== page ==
• 2006: The first Bienal Intercontinental de Arte Indigena (Intercontinental Indigenous Arts Biennial) is held in Quito, Ecuador, which continues today
    • 2009: Pottery by Jereldine Redcorn (Caddo), who single handedly revived her tribe's ceramic tradition, is exhibited in the Oval Office of the White House


    ajr6869 said...

    Great timeline! I did have a question about the Olmec / Mayan dates. What source gives an earlier date of 1500BCE for Mayan art than 1400BCE for Olmec art? I have always read / been taught that the Olmec were before the Mayan. I know there is speculation about independent arrival and development but I had not heard about Earlier Mayan dates. Thanks! Astrud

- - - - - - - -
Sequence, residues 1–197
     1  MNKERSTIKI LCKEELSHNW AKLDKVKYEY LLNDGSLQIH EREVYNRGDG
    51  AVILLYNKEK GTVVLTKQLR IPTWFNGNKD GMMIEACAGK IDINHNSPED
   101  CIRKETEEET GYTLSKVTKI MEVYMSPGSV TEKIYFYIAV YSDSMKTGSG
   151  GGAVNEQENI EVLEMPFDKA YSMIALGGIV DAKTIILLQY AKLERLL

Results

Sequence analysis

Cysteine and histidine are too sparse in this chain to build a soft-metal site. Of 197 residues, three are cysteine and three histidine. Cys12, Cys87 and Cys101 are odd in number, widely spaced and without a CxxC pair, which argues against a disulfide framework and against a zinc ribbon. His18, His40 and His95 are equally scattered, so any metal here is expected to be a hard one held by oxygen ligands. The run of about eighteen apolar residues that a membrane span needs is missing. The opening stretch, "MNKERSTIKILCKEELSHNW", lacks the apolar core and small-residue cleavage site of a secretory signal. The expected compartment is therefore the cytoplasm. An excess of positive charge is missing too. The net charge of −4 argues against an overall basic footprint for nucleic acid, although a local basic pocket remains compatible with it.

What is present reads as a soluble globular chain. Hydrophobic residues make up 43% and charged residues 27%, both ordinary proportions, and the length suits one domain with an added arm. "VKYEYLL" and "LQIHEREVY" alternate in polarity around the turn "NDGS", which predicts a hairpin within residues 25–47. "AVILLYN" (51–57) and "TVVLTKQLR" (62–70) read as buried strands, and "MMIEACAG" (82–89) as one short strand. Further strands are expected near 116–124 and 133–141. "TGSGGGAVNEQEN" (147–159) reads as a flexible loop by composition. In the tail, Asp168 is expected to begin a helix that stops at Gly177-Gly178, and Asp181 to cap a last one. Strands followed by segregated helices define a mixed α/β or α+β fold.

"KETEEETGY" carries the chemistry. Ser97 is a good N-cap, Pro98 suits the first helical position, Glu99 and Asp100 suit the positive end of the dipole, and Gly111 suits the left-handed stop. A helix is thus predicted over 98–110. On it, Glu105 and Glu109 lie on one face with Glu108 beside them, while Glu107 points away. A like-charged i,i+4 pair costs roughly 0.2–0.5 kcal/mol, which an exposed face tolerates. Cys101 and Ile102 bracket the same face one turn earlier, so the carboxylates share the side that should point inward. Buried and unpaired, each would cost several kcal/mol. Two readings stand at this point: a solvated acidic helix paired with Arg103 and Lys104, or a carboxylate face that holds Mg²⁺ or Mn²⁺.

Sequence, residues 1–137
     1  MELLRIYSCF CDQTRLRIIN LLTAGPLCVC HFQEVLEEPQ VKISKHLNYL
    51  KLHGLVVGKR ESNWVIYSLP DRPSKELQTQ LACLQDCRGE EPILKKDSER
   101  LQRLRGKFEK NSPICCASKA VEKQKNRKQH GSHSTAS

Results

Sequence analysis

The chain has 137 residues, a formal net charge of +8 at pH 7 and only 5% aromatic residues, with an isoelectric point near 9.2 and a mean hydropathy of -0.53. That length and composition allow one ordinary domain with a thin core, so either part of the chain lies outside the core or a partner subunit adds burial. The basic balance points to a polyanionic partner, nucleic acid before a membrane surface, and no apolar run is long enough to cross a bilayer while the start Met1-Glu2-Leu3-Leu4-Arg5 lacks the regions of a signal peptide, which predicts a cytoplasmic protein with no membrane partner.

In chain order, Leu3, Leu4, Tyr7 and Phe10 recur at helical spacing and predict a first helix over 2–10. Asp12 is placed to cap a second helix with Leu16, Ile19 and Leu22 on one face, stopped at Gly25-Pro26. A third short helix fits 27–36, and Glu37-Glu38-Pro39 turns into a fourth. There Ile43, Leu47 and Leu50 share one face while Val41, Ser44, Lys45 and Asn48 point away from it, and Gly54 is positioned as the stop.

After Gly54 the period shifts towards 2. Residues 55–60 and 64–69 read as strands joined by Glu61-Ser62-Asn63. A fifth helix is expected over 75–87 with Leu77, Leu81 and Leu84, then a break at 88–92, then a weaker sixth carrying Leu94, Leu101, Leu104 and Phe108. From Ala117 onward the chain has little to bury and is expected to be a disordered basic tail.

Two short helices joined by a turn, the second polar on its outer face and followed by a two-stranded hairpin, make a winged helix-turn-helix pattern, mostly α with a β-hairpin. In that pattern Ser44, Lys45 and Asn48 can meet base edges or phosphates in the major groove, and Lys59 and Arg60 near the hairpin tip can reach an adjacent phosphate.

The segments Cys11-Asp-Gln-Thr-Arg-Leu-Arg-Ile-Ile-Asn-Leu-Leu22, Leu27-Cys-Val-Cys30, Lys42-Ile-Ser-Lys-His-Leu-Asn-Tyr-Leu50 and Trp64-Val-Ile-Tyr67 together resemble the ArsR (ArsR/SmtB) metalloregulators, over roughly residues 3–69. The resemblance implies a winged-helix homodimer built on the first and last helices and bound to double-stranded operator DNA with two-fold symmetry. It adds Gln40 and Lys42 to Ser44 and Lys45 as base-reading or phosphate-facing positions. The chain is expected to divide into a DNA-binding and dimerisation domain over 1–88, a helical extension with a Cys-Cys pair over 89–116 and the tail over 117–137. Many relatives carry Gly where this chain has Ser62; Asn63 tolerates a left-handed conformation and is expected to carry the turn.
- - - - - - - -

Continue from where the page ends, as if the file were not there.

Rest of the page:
ahalenia said...

    Right. There's no citation given for 1500 BCE, but that is considered to be the beginning the Mayan Preclassic period. The formative period for the Olmecs is given as 1600 BCE, but there are also "pre-Olmec" cultures with material culture dating back to 2500 BCE, so that should changed and clarified.

    ahalenia said...

    A few of these Wikipedia entries made it into Elysia Poon's Timeline in Art in Our Lives: Native Women Artists in Dialogue. Yay easily accessible, copyright-free information about Native art!

    Anonymous said...

    Very effectively written information. It will be helpful to anyone who usess it, including myself. Keep up the good work – for sure i'll take a look at more posts.

    Anonymous said...

    I’ve recently began a blog, the information you present on this site has helped me tremendously. Thank you for all of your time & work.